A Solution to the Global Financial Crisis
Nations around the world are reeling from one financial crisis after another.
Iceland, one of the world’s richest nations, has gone bankrupt, unable to pay back its external debt. Other European countries are not far behind. Even economic powerhouse Asian countries like China and Japan are in trouble, facing plant closures and worker layoffs.
In the US, a report by CNN puts the current price tag of the bailout of American corporations at about $7 trillion. Yes, ten times that approved by Congress for the bailout package in September. That works out to about $23,000 for every American citizen.
The Big Three US automakers — Ford, GM, and Chrysler — have sent delegates to Washington on bended knee, begging for a mere $25 billion.
Homeowners unable to pay their residential mortgages have torched their houses and committed suicide rather than watch as the banks foreclose on their homes.
Many businesses will soon be in the same position, defaulting en-mass on commercial mortgages. When that happens, more people will be out of work. With fewer consumers able to get credit, manufacturers will see reduced sales, leading to more layoffs and closures, leading to more people out of work, leading to … You get the point.
What the world needs is a massive infusion of wealth, a jolt from an economic defibrillator to shock it back to life. But that would require more money than any one nation has. Even the wealthiest nations are no longer in a position to help themselves. The money must come from someone as yet relatively untouched by the financial storm. But who has that much money?
Who has the money?
There is one group that, while undoubtedly not wholly unaffected by the global financial crisis, has accumulated such wealth as to be in a far more stable position and capable of offering assistance than anyone else. Indeed, this group could likely bailout the whole world, were it so inclined. Who is it?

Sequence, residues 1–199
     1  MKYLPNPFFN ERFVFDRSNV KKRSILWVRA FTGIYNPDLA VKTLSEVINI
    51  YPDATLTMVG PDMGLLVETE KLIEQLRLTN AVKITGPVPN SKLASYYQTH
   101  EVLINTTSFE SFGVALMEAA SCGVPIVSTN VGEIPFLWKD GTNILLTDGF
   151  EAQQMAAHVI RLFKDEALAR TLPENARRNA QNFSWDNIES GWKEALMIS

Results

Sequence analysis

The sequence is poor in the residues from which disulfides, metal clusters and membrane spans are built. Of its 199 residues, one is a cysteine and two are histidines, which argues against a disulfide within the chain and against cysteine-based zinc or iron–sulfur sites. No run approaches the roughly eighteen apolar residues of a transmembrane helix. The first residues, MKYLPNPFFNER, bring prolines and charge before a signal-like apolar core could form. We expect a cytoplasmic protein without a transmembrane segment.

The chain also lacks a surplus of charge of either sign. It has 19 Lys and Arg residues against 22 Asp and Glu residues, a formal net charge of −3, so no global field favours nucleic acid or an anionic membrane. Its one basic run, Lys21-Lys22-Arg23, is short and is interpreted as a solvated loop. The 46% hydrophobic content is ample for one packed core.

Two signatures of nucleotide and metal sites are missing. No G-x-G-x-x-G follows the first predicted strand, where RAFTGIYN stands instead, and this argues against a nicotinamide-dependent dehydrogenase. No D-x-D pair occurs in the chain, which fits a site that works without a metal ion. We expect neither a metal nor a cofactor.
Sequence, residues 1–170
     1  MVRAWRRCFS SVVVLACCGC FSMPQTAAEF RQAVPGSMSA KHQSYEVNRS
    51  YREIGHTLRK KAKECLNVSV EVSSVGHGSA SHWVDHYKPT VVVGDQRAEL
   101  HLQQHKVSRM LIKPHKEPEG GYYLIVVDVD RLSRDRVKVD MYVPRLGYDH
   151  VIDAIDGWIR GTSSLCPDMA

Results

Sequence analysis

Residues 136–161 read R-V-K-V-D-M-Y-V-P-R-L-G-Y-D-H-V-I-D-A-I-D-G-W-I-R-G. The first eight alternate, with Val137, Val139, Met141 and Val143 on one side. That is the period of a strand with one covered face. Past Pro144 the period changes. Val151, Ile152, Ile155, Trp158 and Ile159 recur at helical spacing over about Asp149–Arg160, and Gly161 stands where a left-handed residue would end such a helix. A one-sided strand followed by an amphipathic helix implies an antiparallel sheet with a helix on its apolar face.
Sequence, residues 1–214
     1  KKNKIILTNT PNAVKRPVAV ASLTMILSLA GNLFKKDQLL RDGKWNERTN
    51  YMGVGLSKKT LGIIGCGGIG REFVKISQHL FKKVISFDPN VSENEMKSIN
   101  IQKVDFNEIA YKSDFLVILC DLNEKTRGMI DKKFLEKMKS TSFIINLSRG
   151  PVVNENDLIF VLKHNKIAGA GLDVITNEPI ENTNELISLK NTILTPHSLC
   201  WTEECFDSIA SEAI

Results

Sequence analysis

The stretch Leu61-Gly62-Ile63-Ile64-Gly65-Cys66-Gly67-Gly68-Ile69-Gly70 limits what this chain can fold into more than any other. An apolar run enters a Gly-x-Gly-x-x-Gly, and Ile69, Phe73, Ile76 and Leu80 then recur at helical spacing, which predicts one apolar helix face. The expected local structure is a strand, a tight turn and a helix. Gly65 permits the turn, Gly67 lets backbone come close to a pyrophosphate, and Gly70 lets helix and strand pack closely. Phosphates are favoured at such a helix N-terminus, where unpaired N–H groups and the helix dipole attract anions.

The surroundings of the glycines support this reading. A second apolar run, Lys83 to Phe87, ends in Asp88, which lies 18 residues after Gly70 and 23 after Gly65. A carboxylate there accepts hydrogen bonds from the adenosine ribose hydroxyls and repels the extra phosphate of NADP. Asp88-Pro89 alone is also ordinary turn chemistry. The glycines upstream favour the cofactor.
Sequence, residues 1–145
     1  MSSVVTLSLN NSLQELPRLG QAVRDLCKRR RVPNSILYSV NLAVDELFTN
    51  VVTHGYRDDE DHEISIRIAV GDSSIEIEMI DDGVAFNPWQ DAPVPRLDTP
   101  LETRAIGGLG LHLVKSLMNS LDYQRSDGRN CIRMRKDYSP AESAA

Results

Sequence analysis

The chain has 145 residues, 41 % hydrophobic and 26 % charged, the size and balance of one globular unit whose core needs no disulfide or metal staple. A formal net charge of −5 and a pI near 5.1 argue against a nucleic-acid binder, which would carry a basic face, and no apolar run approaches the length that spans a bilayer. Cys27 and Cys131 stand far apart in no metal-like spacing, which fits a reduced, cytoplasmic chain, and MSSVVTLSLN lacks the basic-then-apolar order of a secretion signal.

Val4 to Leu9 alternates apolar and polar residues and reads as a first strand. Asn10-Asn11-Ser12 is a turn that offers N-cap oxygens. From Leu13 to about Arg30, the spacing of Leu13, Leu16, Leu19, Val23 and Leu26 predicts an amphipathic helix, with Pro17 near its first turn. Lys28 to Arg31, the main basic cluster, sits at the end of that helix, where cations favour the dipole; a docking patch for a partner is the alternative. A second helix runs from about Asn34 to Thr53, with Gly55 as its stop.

Here are some clues …
Who’s been sucking money out of families for centuries?
Who has hoarded wealth while those around them wallowed in poverty?
Who’s built lavish cathedrals next to squalid slums?
Who, for generations, has extorted money from grieving families with the lie that they had to buy their loved ones out of purgatory?
Who has sold indulgences, encouraging people to pay for their sins rather than repent of them?
Who has invested their billions in pension funds, insurance companies, real estate, and stocks of all kinds?
Who continues to pass the plate every week, demanding donations, often from those who can least afford it?
And who, through the present downturn, has remained virtually silent, afraid to draw attention to themselves?
What do you think will happen when the governments of the world realize that the world’s great religions have been hoarding the wealth that could save them? For that matter, what will they do when they wake up and see that many of the world’s ills, if not directly caused by religion, are at least exacerbated by it? What will they do when they realize that for centuries they’ve been played for fools?
Do you hear the knocking at the door?